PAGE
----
Russian invasion

Ah, springtime at last – sunlight, flowers in bloom and… brawling fishermen

LAST UPDATED: 18 Mar, 2015 @ 13:12
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LAST Sunday I discovered that spring is officially here. Up here at the Casita there are many tell tale signs that winter is over.

Giles taking fashion tips from Russian visitors
Giles taking fashion tips from Russian visitors

The days get longer, the wildlife starts to emerge from hibernation (often briefly, as spring also heightens 50 Shades’ already psychotic killer instinct, with inevitable and bloody results).

The biggest indication that spring is here, however, is that the Russian fishermen are back at the lake.

It is only in the past decade that the Russians have appeared on the coast in numbers, but boy, have they made their presence felt.

Marbella being Marbella, the town welcomed the new visitors as another bunch of guiris to be taken advantage of and held various events to promote (ie, take as much money as possible from) the new relationship.

I was once invited to Moscow Marbella Friendship Week. The press conference was at 9 am and as I arrived with my photographer, I couldn’t help but notice that the large contingent of Russian journalists – fresh from Moscow that morning – were already getting stuck into the vodka.

It set the tone for the day.

At the gala dinner that evening I was seated next to a Soviet Air Force pilot who had served in Afghanistan. He spoke no English and I no Russian, but as each guest at the gala was provided with half a bottle of vodka each, by the end of the evening we understood each other perfectly.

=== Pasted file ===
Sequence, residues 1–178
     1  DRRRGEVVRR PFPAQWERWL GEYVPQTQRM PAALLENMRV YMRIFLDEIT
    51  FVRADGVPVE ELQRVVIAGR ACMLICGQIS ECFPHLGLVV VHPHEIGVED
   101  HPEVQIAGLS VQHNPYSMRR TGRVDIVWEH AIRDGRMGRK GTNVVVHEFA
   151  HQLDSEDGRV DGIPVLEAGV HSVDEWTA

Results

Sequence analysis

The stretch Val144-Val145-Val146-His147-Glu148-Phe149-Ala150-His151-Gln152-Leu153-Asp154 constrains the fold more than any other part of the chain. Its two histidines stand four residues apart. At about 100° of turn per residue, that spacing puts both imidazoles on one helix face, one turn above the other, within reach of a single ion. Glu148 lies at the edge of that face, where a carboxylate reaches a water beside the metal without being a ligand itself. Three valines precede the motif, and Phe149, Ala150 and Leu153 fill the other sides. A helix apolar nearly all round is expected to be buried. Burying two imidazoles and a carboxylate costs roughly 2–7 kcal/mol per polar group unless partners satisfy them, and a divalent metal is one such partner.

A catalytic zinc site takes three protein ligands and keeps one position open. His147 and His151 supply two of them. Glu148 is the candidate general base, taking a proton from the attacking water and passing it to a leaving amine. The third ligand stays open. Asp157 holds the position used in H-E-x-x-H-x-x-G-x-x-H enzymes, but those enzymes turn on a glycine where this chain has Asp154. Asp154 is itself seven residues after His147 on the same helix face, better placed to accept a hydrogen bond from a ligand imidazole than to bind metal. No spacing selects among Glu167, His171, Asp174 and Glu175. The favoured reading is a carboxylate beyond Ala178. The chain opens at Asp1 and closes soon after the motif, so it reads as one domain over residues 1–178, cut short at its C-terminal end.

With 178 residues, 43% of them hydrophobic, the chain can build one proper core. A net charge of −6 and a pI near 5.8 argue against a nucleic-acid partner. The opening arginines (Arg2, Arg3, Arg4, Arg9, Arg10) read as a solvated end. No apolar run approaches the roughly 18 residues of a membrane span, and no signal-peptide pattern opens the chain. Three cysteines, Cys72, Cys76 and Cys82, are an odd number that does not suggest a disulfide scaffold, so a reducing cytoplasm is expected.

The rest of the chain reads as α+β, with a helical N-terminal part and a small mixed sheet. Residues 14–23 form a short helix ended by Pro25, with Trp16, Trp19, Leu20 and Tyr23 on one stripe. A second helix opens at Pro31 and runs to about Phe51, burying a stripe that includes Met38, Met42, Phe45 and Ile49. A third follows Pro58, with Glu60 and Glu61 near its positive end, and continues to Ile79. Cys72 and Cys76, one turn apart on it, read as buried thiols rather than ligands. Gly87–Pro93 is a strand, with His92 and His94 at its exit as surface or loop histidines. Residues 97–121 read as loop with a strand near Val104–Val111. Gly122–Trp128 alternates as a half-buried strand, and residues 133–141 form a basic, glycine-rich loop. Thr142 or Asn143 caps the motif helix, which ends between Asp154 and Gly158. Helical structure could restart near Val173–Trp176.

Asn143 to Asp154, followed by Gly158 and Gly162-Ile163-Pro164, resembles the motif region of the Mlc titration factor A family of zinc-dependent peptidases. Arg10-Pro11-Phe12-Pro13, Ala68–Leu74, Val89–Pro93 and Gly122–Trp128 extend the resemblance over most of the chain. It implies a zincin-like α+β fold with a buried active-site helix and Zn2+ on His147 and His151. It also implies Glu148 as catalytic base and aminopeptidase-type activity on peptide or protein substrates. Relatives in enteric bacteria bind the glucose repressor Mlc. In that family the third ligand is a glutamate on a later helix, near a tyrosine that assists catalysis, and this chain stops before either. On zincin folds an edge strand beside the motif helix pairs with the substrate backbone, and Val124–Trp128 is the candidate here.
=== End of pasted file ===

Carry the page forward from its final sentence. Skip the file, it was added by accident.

It is the same with the fishermen at the lake. They tend to arrive mid morning, set up their rods and nets, and then crack open the vodka.

The rest of the day follows the set pattern of lots of joking and happy singing after about two hours; someone leaping in the lake to much hilarity at the four hour mark; mournful singing as dusk falls and then shouts and the sound of punches being thrown at midnight.

Dawn breaks to reveal the scene of various bodies sleeping where they fell, save for one, who is normally heading to the 4×4 to fetch more vodka.

Growing up in the later stages of the Cold War we were told to be afraid of the Russians and even more so of the Sting song of the same name. We needn’t have bothered, however, as they were all probably lying in a vodka induced coma somewhere or just far too hungover to invade.

The fact that spring had arrived was confirmed this morning when, enjoying the first café solo of the day on my terrace, I glanced over to see a Russian at the duck gate, taking a pee into my hedge.

Let’s just say that my reaction made him hop off faster than a ballerina at the Bolshoi!

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